My wish for you today dear friend is to have a colorful day! What do I mean by colorful? The colors on the petals of this flower remind me often of what a good day is, and what a colorful day is: full of joy, of empathy, difference, surprises, full of unexpected good events and simple. Yes… it is the simple things that most make us happy by their simplicity and subtleness. So today, enjoy the subtle things, and let color filter into your life.
Un vieillard reste assis et voit; l’enfant se tient debout et ne voit rien (Proverbe Peul – Afrique de l’Ouest et une partie de l’Afrique centrale). – Expérience de la vie.
Here are letters written by King Behanzin to the French president about his kingdom, his land, and French attacks to force him into war. The originals can be found in French archives, and Benin Archives; the translations from French to English are by Dr. Y., afrolegends.com . Enjoy!
“Our desire is that you have the kindness to send us an officer of your house to deal with litigation issues. As for Cotonou, my father never signed it away, and never will we sign it away. It is impossible for us, because if we do, it will be a great prejudice to us, and thunder will crush anyone who would dare dwell on that territory.”
Behanzin, to the President of the French Republic, 30 April 1890, Archives of the Marines, Paris.
“I have just been informed that the French government has declared war on the Dahomey (…). You could start on all the points you want (…) I, too, will do the same. About what happened at the Ouémé River, you caused it (…). If you had not come to start war against me on the Atchoupa way, I would not have done anything to you first (…). Now, I come to tell you that, if you remain calm, I too will remain calm and we will have peace(…).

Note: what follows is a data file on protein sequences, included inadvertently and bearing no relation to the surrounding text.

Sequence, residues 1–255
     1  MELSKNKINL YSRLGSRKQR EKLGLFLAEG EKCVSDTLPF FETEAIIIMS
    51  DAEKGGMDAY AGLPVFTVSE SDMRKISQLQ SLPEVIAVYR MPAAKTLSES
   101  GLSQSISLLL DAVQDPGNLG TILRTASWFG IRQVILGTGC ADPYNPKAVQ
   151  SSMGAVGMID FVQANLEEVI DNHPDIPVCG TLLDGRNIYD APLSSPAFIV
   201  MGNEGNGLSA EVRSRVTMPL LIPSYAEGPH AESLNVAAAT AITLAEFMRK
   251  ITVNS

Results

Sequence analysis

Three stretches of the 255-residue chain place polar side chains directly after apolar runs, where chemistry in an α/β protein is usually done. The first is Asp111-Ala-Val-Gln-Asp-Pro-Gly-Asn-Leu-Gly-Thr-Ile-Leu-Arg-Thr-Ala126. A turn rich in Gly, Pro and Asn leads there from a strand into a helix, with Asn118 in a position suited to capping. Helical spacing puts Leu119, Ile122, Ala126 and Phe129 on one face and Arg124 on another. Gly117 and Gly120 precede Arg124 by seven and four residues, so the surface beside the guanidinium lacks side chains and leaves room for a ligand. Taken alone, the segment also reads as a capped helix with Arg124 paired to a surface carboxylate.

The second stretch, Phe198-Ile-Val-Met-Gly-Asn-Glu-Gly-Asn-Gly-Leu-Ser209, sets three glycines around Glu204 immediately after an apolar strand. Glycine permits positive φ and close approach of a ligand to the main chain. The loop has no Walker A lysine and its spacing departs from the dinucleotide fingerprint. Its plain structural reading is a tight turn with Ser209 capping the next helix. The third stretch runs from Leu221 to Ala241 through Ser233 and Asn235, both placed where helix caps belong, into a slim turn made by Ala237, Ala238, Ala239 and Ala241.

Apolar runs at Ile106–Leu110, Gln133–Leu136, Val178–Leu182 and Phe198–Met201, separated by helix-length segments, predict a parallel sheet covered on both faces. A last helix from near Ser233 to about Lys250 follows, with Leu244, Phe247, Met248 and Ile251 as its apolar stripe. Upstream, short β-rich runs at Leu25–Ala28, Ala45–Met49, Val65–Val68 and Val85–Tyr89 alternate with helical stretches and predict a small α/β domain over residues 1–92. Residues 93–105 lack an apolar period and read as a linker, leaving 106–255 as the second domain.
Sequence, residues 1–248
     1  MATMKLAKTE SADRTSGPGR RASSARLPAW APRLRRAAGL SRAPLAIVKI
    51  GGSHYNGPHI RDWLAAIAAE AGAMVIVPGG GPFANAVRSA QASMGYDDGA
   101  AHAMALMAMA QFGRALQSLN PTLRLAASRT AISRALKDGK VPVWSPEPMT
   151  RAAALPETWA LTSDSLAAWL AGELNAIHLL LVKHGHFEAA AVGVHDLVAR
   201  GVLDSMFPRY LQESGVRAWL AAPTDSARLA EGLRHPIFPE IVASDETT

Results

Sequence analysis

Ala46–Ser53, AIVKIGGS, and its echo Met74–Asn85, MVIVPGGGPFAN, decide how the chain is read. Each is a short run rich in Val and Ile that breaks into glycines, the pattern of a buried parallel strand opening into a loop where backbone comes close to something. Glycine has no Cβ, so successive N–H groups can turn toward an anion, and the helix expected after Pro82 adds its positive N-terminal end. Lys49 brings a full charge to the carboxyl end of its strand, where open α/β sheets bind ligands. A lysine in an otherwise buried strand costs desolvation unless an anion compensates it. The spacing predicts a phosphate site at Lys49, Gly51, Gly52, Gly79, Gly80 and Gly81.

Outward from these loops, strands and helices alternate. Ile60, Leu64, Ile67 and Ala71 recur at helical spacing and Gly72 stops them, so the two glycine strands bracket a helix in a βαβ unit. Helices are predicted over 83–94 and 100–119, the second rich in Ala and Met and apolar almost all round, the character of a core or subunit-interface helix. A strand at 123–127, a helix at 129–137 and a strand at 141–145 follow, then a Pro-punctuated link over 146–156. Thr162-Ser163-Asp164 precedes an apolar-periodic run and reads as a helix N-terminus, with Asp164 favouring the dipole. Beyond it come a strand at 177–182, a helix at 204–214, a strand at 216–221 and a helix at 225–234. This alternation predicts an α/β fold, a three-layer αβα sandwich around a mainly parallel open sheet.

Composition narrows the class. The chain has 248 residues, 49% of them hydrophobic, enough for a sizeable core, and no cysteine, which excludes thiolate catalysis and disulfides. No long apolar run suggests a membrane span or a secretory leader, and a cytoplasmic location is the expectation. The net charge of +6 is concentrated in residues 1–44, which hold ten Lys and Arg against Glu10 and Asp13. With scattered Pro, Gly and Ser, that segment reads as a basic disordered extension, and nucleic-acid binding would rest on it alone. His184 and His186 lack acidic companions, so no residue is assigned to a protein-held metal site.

The first time I did not know how to fight a war, now I know. If you start war, I have troops ready. My men are as numerous as works coming out of the earth. I am the king of the Africans and the Europeans have no say in what I do. The villages you are talking about do actually belong to me, they belong to me and wanted to become independent (under your influence), so I gave orders for them to be destroyed (…).
I desire to know how many independent French villages were destroyed by me, King of Dahomey. Remain calm, so your trade in Porto-Novo, this way we will always remain in peace as in the past. If you want war, I am ready. I will not end it even if it lasts a hundred years or kills 20,000 men.”
Behanzin, to Victor Ballot in Porto-Novo, 10 Avril 1892, Archives of the Popular Republic of Benin.
Les fourmis se sont dit: Réunissons-nous, nous réussirons à transporter l’éléphant (Proverbe Mossi – Burkina Faso). – S’entraider les uns les autres dans tous les travaux.
The ants said to themselves: Let us unite, we will succeed in moving the elephant (Mossi proverb – Burkina Faso).- Help each other in all works.
I used to love the sound of it: São Tomé e Príncipe… and always wondered: why have two names for one country? why the joined names? why not just name it São Tomé? Just like Trinidad and Tobago, São Tomé and Príncipe is in fact two islands, and just like T&T, the largest one is the first one in the combo name: São Tomé. However, unlike Trinidad and Tobago whose capital is Port of Spain, São Tomé and Príncipe’s capital is named … you guessed it: São Tomé!